The remodeling of the lung tissue means that less oxygen can pass into the blood. As a result, the signs of asbestosis are also visible externally: the ends of the fingers thicken (drumstick fingers). The skin and mucous membranes (especially the phalanges of the fingers and lips) are discolored bluish due to the lack of oxygen (cyanosis).


The mesothelium is a type of skin that lines the chest area (as the pleura = pleura) and the abdomen (also the peritoneum) and forms the pericardium. It produces a liquid that acts as a kind of lubricant and facilitates the movement of neighboring tissue layers and organs against each other. The mesothelium can degenerate as a result of exposure to asbestos. This type of tumor is called mesothelioma.

Most often the pleura (the inner sheet of the pleura) degenerates, what medical professionals then call Pleural mesothelioma describe. Patients report slowly increasing chest pain that can spread to the neck, shoulder, or arm. In addition, there is a dry, tickly cough and shortness of breath. Affected people feel exhausted, have a fever and lose weight. Some sweat so much at night that they have to change their nightgown or bed linen.

This is rarer than pleural mesothelioma Peritoneal mesothelioma - a malignant growth of the peritoneum. Those affected suffer from abdominal pain and abdominal fluid (ascites).

The Pericardial mesothelioma is very rare. The patients show the clinical picture of an inflammation of the pericardium (pericarditis) with fluid accumulation in the pericardium (pericardial effusion). Sometimes cardiac arrhythmias also occur.

Lung, larynx and ovarian cancer

Some patients get sick as a result of asbestosis Lung cancer (Lung cancer, bronchial cancer). The first, non-specific signs include a persistent cough and chest pain. Fatigue and heavy night sweats are also common. In advanced stages, many lung cancer patients experience bloody sputum, rapid weight loss and difficulty breathing.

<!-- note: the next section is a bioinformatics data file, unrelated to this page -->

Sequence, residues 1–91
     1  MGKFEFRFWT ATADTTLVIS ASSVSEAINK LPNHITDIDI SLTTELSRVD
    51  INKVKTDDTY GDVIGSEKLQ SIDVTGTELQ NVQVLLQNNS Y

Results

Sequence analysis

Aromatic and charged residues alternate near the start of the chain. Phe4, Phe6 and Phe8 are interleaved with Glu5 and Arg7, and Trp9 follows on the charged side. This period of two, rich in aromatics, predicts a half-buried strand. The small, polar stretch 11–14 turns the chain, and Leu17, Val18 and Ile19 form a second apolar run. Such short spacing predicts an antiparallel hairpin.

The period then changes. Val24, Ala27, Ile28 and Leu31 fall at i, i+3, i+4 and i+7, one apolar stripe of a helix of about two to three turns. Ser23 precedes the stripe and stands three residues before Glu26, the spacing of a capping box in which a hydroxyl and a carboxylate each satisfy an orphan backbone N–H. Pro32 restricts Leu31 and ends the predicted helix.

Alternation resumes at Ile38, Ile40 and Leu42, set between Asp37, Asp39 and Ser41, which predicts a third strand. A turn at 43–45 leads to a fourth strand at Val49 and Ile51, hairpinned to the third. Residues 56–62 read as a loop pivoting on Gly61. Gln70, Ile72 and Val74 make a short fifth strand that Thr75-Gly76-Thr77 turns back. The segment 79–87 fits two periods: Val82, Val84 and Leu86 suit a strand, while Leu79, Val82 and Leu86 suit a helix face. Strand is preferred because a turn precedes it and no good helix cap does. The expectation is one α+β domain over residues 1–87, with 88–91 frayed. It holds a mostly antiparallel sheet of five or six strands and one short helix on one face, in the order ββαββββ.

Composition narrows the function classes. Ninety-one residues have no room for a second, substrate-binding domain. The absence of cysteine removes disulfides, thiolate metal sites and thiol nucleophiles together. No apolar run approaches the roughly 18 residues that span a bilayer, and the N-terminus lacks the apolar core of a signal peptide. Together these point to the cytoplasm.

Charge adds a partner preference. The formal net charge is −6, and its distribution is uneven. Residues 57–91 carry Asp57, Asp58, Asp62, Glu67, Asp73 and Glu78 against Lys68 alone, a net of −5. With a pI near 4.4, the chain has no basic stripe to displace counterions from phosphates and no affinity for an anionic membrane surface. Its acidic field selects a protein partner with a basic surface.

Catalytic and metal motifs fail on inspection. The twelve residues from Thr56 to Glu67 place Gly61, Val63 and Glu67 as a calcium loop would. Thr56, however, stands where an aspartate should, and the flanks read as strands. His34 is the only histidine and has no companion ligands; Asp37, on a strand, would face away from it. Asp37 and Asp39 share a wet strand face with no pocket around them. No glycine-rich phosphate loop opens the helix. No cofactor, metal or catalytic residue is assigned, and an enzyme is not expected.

Throat cancer (Laryngeal cancer) usually manifests itself as hoarseness and a feeling of pressure in the throat.

An asbestos load can also be increased Ovarian cancer (Ovarian cancer). The symptoms that usually appear late include digestive complaints such as gas, bloating, unexplained abdominal pain, an increase in the size of the abdomen and an increased urge to urinate.

"Fiber years"

Lung, larynx and ovarian cancer can be recognized as an occupational disease if there is evidence of cumulative asbestos exposure of at least 25 fiber years in the workplace. "Fiber years" is a medical term. It indicates the risk for those affected to get cancer from inhaled asbestos fibers. A fiber year corresponds to a one-year working day (8 hours) exposure to one million asbestos fibers of critical dimensions (see above) per cubic meter of breathable air over 240 working days (shifts) per year.

Asbestosis: causes and risk factors

Asbestosis occurs when dust containing asbestos is inhaled and settles in the lung tissue - primarily in the alveoli. From there, the asbestos fibers get into the connective tissue of the lungs and split into tiny fibers. These fibers migrate to the pleura (pleura), collect there and trigger inflammation.

Occupation risk factor

Asbestos fibers are mostly inhaled in the workplace. There used to be no protective measures against it. In addition, some of the protective clothing itself contained asbestos.

Occupational activities that increase the risk of asbestosis include:

  • Asbestos processing, in which asbestos-containing rock is crushed and raw asbestos is loosened
  • Production and processing (spinning, twisting, weaving, cutting, etc.) of asbestos textiles such as yarns, threads, tapes, cords, ropes, hoses, towels, packings, clothing, etc.